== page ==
By Bob Allen
The “least of these” in Matthew 25 refers not to the poor but rather the Christian baker and florist persecuted because of their Christian faith, says a Southern Baptist Bible scholar.
Denny Burk, professor of biblical studies at Boyce College, the undergraduate arm of Southern Baptist Theological Seminary, said in a May 13 blog the phrase routinely used in discussions about poverty is taken out of context.
“This text is not about poor people generally,” Burk said. “It’s about Christians getting the door slammed in their face while sharing the gospel with a neighbor. It’s about the baker/florist/photographer who is being mistreated for bearing faithful witness to Christ. It’s about disciples of Jesus having their heads cut off by Islamic radicals. In other words, it’s about any disciple of Jesus who was ever mistreated in the name of Jesus.”
Burk said virtually every speaker at the May 12 faith-based poverty summit at Georgetown University used the phrase “least of these” to refer to citizens who live in poverty and need help.
President Obama said he believes that even his political foes are sincere in wanting to help “the least of these.”
“I think that there are those on the conservative spectrum who deeply care about the least of these, deeply care about the poor,” Obama said. “They exhibit that through their churches, through community groups, through philanthropic efforts, but are suspicious of what government can do.”
“And then there are those on the left who, I think, are in the trenches every day and see how important parenting is and how important family structures are, and the connective tissue that holds communities together and recognize that that contributes to poverty when those structures fray, but also believe that government and resources can make a difference in creating an environment in which young people can succeed despite great odds.”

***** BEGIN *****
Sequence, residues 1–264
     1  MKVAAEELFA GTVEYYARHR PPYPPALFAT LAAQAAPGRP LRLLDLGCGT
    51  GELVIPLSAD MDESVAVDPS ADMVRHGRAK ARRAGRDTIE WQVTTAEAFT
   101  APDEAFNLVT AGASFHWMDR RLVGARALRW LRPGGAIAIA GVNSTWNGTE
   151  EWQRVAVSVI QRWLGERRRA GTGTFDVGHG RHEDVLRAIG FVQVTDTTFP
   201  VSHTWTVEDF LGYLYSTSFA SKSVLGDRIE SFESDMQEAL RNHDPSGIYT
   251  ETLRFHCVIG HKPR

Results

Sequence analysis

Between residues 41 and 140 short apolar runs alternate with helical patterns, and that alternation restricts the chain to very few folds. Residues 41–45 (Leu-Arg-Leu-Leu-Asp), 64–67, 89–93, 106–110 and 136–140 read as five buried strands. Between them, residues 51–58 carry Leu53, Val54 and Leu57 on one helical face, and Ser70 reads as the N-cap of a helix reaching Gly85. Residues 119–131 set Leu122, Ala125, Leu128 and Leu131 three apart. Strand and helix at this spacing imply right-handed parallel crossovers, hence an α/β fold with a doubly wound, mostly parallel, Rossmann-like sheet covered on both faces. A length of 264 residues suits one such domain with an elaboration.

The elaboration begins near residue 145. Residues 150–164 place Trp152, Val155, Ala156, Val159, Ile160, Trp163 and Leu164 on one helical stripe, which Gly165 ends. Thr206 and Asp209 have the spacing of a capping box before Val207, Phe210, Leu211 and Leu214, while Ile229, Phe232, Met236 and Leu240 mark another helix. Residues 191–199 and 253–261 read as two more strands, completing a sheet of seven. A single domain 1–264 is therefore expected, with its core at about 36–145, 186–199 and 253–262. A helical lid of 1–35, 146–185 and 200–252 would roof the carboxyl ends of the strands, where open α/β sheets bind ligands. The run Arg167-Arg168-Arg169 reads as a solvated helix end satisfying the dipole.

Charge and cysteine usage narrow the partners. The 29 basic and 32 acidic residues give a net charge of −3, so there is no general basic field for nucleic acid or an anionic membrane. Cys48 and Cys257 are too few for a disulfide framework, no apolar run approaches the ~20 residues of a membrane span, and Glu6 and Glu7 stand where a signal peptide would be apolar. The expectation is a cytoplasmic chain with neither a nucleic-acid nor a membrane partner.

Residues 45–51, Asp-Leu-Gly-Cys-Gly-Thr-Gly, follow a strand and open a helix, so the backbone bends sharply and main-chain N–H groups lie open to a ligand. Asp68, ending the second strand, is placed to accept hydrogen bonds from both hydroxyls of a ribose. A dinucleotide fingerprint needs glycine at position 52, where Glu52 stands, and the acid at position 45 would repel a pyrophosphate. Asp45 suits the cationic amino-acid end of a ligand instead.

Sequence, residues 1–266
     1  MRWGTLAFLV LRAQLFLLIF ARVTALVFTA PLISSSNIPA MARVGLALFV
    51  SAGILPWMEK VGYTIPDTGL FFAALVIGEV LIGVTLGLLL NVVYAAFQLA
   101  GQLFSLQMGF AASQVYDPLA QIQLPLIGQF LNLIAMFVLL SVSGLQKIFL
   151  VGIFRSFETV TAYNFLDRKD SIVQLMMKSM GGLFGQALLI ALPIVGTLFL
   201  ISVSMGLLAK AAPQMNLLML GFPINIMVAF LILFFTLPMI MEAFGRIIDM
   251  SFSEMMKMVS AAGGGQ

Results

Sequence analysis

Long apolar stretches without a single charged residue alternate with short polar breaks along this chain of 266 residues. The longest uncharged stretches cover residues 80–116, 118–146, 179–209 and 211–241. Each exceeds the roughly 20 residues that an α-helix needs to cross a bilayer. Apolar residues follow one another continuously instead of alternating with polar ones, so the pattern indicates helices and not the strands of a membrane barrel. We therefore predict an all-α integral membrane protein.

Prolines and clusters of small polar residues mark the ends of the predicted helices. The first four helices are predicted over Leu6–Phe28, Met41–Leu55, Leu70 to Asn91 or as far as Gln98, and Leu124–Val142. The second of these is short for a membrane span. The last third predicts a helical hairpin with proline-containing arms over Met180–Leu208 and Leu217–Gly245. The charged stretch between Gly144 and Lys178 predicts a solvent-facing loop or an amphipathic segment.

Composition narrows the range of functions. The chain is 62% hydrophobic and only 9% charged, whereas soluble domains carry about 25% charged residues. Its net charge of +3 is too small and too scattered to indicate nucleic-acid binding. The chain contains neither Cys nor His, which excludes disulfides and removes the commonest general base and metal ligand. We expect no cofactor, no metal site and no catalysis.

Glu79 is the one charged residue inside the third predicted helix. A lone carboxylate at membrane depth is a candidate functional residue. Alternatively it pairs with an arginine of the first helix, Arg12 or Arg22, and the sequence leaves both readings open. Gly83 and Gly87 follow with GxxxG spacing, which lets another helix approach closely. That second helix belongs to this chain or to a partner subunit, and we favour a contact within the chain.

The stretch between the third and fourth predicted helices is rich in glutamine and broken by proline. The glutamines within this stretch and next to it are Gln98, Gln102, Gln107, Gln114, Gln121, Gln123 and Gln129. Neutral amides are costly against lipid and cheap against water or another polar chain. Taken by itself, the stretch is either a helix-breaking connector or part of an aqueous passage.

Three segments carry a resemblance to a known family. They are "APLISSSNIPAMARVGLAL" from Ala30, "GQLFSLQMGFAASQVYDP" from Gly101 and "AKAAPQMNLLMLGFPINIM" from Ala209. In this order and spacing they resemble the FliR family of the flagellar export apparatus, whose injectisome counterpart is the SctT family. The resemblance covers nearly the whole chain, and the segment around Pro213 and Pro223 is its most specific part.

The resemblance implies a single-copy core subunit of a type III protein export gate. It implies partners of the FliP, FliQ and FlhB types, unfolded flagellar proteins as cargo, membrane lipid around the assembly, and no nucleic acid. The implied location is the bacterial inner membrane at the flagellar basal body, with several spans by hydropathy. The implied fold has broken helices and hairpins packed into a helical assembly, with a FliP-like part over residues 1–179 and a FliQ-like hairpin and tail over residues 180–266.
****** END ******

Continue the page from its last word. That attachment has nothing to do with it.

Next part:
Burk said it wasn’t surprising to hear the panelists speak that way, because that is how the phrase is commonly understood. In the context of Matthew 25, however, he said what Jesus was talking about is the final judgment when it will become plain who are “sheep,” those who will inherit the Kingdom, and “goats,” those who are condemned.
In audio of a recent sermon he preached linked to his blog, Burk said the parable of the sheep and the goats is often misunderstood to imply that Christians earn their salvation by good works, but that reading contradicts other Bible verses that say salvation is a gift from God.
Another thing the text doesn’t teach, he said, is “salvation by social gospel.”
“The social gospel is the idea that somehow the message of Jesus boils down to the elimination of social injustices,” he said. “Feeding the poor, eliminating poverty, ending homelessness, etcetera, all these things — they become the focus of what it means to follow Christ.”
“Proponents of the social gospel will turn to texts like Matthew 25 and they’ll say, ‘See, Jesus says that charity to the least of these is the most important thing,’” he said.
Burk agreed that the Bible says in many verses that Christians have a responsibility to love and act kindly toward the down and out, but in this passage Jesus described the “least of these” as “my brothers,” a term that elsewhere refers specifically to his disciples.
“Brothers is not a generic description of people created in the image of God,” he said. “Jesus reserves the term brothers for those who are his disciples — those who believe and obey his word.”
“When Jesus talks about feeding and clothing and caring for the least of these in Matthew 25, he’s talking about feeding and clothing and caring for his messengers,” Burk said. “And he’s saying that if you mistreat his messengers, you’re mistreating him.”
Burk said that isn’t surprising, because Paul used the term “body of Christ” to refer to the church.
“Have you ever heard someone say, ‘I like Christ, I just don’t like Christians?’” Burk asked. “Jesus says that if you don’t like his disciples — if you reject them — you are rejecting him.”
“There is no version of Christianity that allows you to follow Christ while mistreating his body, and it won’t matter how much you profess your love for Christ if you reject and mistreat his body,” Burk said. “What you do with Christ’s people will tell everything that needs to be told about you at the judgment.”